The inaugural ROC Leadership Institute at Southern New Hampshire University last weekend followed our nine-year participation in the excellent Community Leadership Institutes (CLI) with NeighborWorks® America. The impact of those events came to be called “the magic of CLI.”
Achieving the magic of CLI at our own ROC Leadership Institute was high hurdle.
Nonetheless, after our last CLI in L.A. last October, I just knew that our 10-year-old organization and the nearly 100 applicants for too few training spots were ready to host a ROC-focused institute. That didn’t mean it would be easy.
In seven short months, we planned and executed – in the words of one participant who just emailed me – a great array of “phenomenal” workshops. She wrote, “We came away very excited and enthusiastic to put what we learned into practice.”
Now, there are a lot institutes and trainings, but none aside from CLI achieves the level of participant engagement that we just did. Participant-centered learning is our training approach, and evidence of its effectiveness was demonstrated in the level of conversation between ROC leaders from start to finish last weekend.
Trainers keep workshops centered on the topic but participants ask a lot of questions and talk a lot. One ROC leader said, “I love to watch my wife when she comes to these – normally she’s quiet in groups but not here – here she’s engaged and talking like no place else.”
These are long days – travel to and fro and two full days of workshops. Yet, the energy level was high the whole time, including during check out on Sunday morning!
I am very proud of our trainers, the national and CTAP staffs as well as invited trainers. They recognize that the experts are in the room. Give some people the floor and they can’t help but lecture. That’s not the case with these trainers!
The University campus and the facilities are new and beautiful and being on a campus was appropriate for all of the learning going on. And, what I miss most about going to school, there was endless conversation and debate about matters of importance, and learning from peers.
We also had some excellent large group sessions that were recorded and are available online. We kicked off with our traditional community leader introductions on Thursday night. That’s always a highlight, and it gets everyone on stage on the first night.
We kicked off Friday morning with a panel featuring the ROC Association’s three Directors – Natividad Seefeld from Park Plaza Co-op in Minnesota, Lorie Cahill from Green Acres in Kalispell, Montana, and Kim Capen from Medvil Co-op in Goffstown, NH. Please watch their discussion. It is inspiring.
Lorie implored people to consider running for the ROC Association and ROC USA Boards and raised up a group challenge: “What can we do about the poor condition of some of our neighbors’ homes?” That topic was picked up in a workshop and is now a conversation online at myROCUSA.org. Check it out and weigh in.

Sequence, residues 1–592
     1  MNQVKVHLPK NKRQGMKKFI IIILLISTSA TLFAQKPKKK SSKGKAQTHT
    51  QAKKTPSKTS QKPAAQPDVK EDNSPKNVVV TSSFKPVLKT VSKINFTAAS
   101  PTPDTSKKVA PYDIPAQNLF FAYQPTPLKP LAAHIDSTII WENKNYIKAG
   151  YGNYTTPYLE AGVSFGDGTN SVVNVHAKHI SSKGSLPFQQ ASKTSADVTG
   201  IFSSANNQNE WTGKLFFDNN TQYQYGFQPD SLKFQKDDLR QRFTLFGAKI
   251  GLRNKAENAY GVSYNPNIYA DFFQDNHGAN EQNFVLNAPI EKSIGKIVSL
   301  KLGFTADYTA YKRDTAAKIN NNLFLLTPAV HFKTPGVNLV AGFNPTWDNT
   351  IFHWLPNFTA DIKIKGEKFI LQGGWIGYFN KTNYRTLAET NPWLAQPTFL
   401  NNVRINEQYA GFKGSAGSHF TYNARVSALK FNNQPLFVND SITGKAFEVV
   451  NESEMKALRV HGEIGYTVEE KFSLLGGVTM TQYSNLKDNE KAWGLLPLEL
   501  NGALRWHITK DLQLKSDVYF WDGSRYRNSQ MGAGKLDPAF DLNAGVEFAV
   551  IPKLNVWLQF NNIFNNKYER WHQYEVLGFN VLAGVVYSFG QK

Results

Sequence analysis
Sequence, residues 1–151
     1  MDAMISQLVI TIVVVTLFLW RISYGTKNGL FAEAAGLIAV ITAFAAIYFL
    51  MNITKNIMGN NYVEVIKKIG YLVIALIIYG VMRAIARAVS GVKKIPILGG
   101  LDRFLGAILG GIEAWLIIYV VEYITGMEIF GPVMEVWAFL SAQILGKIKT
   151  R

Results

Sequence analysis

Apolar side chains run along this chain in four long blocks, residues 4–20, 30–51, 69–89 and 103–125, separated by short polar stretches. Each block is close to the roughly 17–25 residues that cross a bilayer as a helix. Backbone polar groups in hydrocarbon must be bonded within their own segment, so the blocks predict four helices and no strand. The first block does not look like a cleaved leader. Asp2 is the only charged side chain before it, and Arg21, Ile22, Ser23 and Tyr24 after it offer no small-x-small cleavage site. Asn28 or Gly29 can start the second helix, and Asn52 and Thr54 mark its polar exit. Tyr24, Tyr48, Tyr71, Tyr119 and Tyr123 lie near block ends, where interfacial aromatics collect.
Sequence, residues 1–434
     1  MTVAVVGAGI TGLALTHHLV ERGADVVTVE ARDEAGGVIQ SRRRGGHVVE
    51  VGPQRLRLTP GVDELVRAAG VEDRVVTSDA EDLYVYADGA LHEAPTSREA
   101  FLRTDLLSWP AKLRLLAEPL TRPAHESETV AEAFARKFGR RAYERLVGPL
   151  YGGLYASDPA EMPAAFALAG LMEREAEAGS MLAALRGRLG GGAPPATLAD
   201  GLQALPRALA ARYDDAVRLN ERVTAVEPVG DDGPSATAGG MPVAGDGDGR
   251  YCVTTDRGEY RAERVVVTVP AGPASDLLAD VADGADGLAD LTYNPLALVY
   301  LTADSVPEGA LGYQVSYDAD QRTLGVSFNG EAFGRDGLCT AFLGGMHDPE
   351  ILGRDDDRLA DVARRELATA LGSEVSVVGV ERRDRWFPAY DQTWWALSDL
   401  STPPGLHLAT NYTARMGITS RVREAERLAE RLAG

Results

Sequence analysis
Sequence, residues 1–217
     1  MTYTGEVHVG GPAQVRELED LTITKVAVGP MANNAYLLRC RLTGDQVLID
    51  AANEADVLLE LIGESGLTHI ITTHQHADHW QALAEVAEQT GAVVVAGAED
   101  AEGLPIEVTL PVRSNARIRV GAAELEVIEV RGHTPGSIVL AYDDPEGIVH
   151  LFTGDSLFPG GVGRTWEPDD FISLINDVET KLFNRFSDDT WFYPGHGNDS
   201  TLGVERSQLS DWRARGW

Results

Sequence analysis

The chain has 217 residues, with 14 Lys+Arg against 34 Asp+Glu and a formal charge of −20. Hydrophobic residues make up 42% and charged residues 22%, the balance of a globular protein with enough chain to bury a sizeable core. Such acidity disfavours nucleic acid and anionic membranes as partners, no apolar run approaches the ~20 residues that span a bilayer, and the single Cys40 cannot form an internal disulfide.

Natividad spoke about solving some legislative challenges with how co-ops are treated in Minnesota. She spoke of the co-op’s and Northcountry Cooperative Foundation’s work with state senators onsite at Park Plaza to find a legislative fix. A Republican and Democrat shook hands in the Park Plaza office to “fix this because it’s not right.”
Kim talked about how leaders need to build member engagement and volunteerism into everything you do – from Board meetings to social events. He also spoke compellingly on changing our language as a way to change our view of ourselves and our communities. “The word park does not appear in any of our documents, and we don’t own mobile homes, we own manufactured homes,” he said.
At that point, I asked the group: “Stereotypes about this housing stock, your communities and you yourselves is a real problem and it’s unfair. How many people here want to do something to change the perception of your homes and communities and fellow members?”
Everyone in the room raised their hand. (I have no idea how we’re going to do that, but I committed to bringing some great minds to it over the next 60 days and coming up with a way to move the needle. Stay tuned. I have 57 days left!)
Friday night featured Juliana Eades, President of the New Hampshire Community Loan Fund and Andrea Levere, President of Prosperity Now. Juliana is ROC USA’s Board Secretary and Andrea is our Board Chair. Juliana played the role of historian and Andrea framed up the current Strategic Plan and raised up our 10-year goal of 500 ROCs and 30,000 homeowner/members! We have some work to do!
Please watch their presentations. They’re two stellar leaders with passion for serving communities.
Elvis followed their presentations, which delighted some in the crowd. (Not everyone loves Elvis, but at least we all had a good laugh to go along with the birthday cake!)
I blogged about Howard Brodsky’s address on Saturday night in my last entry. He lifted our chins up and urged us to stick together because we can accomplish so much more together than individually. He proved that with numerous stories and statistics.
We know we’re better together. We know that we’ve only just begun and that ROCs only get more affordable the longer they own the property. Scaling up to generate more benefits for co-ops in our network is absolutely where we are headed. And, as we do, be assured, ROC leaders will be deeply engaged in the governance, leadership and strategy because the experts are in the room! ROC on!